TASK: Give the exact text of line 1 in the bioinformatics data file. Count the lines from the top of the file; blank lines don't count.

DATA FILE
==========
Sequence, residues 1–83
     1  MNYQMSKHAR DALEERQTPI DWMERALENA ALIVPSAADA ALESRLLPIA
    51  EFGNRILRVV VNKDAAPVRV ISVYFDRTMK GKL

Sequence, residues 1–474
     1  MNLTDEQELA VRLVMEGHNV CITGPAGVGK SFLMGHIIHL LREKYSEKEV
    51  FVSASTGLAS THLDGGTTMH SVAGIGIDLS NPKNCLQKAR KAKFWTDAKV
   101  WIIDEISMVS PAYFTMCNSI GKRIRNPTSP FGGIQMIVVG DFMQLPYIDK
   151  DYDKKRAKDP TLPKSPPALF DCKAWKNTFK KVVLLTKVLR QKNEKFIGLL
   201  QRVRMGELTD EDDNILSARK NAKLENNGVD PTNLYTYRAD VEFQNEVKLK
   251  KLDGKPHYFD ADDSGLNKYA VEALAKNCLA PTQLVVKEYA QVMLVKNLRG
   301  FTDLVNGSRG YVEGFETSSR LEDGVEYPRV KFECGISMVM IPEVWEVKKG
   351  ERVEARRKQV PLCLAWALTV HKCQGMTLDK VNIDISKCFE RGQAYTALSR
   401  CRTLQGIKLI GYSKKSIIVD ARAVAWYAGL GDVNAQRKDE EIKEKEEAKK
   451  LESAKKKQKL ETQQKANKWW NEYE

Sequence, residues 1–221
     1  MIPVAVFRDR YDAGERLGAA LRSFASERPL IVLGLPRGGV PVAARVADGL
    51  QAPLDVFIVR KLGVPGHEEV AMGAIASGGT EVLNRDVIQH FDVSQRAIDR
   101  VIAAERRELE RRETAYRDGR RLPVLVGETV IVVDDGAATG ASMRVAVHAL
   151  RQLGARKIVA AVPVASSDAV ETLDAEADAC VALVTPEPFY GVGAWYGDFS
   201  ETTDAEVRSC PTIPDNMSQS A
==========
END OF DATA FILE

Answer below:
Sequence, residues 1–83